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May 23, 2010


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What I don't yet see is what the productivity gets used for. They could use fewer workers to produce the same goods - stable (or better) wages for the fewer people lucky enough to have jobs. That doesn't sound like much better net.

Or, higher exports! To...somebody, I guess.

(Of course, I may be misunderstanding you about the time frame here, and you may be talking about exporting to frex oil exporting countries in 2-3 years. How fast does the "internal devaluation" have to be?)

One of my problems with most of the economic blogosphere commentary is that they do a view-from-20,000 feet analysis of this or that problem but miss the (to me at least) view-from-50,000 feet reality that there is more supply in the world today than there is demand for it to fill. This was true before the recession started and it's true now when the recession is probably over.

How much infrastructure investment can the Spanish economy absorb?

Higher net exports is what Spain needs. Once you realize that that the "net" part is key, the problem seems much more manageable. Import substitution is as good as exportation.

That said, you're right; one of the problems is a lack of German demand. ("Somebody" means northern Europe in general, and Germany in particular.) It'd be nice for the Germans to realize that. If they don't want to spend more (and I can understand that) then it'd be nice for them to stop getting all wiggy about higher inflation.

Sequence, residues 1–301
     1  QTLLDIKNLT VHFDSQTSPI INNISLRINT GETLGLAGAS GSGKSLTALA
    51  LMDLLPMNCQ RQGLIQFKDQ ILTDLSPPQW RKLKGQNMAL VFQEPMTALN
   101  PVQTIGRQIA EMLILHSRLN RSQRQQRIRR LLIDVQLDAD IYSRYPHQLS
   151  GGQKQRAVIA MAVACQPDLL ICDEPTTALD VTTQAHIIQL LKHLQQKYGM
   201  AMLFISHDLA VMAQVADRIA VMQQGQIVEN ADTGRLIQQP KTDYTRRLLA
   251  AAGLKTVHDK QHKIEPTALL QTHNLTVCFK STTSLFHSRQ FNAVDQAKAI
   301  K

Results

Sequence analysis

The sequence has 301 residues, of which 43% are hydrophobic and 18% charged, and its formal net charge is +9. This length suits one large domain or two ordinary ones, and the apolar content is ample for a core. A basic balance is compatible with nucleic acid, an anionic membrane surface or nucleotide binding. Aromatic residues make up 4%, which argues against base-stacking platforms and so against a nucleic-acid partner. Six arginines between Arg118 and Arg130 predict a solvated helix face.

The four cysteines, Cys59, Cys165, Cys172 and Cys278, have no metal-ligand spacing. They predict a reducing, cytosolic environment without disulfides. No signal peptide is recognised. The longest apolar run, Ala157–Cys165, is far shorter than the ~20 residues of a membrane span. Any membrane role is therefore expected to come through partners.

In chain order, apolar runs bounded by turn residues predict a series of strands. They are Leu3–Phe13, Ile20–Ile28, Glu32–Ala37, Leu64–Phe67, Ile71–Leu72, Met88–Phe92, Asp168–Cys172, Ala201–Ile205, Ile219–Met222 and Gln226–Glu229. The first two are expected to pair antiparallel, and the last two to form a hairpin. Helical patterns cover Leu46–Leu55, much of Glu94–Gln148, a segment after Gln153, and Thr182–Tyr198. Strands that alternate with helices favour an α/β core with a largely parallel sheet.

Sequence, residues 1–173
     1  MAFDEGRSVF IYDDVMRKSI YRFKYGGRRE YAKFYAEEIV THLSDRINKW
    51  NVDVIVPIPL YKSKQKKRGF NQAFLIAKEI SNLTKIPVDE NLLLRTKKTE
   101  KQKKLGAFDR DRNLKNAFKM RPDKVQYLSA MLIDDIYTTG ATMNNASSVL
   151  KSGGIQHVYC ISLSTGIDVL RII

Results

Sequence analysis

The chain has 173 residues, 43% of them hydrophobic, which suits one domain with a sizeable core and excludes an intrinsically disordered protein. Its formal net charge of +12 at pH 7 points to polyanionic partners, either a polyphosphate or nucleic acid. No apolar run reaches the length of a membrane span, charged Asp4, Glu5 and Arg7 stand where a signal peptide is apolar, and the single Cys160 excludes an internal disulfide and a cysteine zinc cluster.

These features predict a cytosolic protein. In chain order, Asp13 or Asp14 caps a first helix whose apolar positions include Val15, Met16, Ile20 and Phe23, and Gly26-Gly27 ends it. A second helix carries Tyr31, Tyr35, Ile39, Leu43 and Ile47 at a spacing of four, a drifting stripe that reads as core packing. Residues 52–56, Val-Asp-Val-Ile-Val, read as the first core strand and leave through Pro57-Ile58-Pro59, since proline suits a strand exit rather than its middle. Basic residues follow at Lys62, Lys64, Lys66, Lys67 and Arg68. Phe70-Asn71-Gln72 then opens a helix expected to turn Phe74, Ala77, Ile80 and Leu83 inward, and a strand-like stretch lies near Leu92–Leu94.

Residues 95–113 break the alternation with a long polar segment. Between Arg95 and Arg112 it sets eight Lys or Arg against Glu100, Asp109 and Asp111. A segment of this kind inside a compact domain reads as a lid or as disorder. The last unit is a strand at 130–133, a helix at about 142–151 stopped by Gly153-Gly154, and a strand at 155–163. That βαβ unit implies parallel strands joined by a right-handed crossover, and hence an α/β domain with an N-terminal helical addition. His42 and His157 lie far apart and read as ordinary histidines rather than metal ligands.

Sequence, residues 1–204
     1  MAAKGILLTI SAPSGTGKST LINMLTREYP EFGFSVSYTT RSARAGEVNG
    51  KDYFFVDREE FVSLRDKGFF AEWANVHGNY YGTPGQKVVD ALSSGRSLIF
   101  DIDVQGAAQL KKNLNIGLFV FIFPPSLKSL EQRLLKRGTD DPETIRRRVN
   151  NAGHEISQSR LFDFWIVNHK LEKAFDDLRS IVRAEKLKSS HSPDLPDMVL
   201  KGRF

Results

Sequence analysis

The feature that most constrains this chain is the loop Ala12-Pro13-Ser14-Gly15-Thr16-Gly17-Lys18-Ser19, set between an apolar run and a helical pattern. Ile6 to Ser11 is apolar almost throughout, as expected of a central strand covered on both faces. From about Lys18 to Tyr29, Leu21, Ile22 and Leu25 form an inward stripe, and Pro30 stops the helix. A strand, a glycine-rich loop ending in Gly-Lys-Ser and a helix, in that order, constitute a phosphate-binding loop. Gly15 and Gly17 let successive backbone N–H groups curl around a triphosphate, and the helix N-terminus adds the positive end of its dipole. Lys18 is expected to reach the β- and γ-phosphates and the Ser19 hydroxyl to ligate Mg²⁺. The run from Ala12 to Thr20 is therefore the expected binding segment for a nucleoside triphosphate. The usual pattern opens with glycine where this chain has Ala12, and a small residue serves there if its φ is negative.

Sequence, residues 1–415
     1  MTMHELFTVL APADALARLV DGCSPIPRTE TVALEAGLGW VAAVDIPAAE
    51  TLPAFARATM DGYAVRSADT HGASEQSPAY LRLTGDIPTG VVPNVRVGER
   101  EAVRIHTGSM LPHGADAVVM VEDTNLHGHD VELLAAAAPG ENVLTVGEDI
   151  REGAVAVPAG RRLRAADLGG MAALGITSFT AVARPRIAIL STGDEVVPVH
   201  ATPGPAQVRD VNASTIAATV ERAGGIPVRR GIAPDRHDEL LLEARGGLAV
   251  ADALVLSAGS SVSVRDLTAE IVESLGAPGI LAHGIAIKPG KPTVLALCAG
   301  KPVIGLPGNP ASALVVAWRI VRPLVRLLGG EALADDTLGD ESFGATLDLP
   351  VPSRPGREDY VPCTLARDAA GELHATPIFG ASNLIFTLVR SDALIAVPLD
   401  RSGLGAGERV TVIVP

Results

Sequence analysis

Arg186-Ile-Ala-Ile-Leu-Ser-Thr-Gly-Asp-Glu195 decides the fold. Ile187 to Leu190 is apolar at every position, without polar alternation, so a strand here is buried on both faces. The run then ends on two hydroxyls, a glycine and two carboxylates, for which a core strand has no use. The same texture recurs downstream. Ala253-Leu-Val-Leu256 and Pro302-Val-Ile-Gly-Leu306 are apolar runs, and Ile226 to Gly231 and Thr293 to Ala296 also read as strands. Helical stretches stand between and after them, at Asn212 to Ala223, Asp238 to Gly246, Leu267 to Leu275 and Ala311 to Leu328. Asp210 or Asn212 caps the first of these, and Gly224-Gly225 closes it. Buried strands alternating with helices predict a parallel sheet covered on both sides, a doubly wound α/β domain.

A nice monetary goose would make everything much easier.

An obvious point is that a bubble is, by definition, a misallocation of resources. The Spanish economy hugely overestimated the value of producing more houses. As labour productivity is output by value/man-hour, you could consider this as a wrong estimate of productivity, leading them to produce beyond the efficient scale.

The good news is that once you stop hitting yourself over the head, the headache will eventually improve - switching resources back from residential construction to other sectors will be a productivity jump. However, this relies on sufficient aggregate demand to get other sectors' capacity utilisation high enough that they need to employ the ex-construction workers and ex-estate agents.

Also, there may be an econometric issue; if your productivity numbers for 2001-2007 are distorted by the Great Bubble, for a while, whatever else the workers do, it'll look like productivity has fallen sharply during the Great Pop. Does anyone adjust their productivity data according to prices retroactively?

It would be an interesting exercise to recast labour productivity numbers assuming the price-rent ratio or the price-salary multiple remained constant through the 2000s.

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